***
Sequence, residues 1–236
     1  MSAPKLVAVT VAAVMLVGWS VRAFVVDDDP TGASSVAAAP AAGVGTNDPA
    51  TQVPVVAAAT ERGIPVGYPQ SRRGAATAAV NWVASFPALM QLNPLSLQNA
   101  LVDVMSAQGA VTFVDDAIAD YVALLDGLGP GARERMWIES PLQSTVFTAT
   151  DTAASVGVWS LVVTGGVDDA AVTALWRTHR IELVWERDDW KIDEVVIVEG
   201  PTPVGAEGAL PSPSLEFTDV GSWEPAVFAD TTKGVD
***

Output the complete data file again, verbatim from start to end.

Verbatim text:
Sequence, residues 1–236
     1  MSAPKLVAVT VAAVMLVGWS VRAFVVDDDP TGASSVAAAP AAGVGTNDPA
    51  TQVPVVAAAT ERGIPVGYPQ SRRGAATAAV NWVASFPALM QLNPLSLQNA
   101  LVDVMSAQGA VTFVDDAIAD YVALLDGLGP GARERMWIES PLQSTVFTAT
   151  DTAASVGVWS LVVTGGVDDA AVTALWRTHR IELVWERDDW KIDEVVIVEG
   201  PTPVGAEGAL PSPSLEFTDV GSWEPAVFAD TTKGVD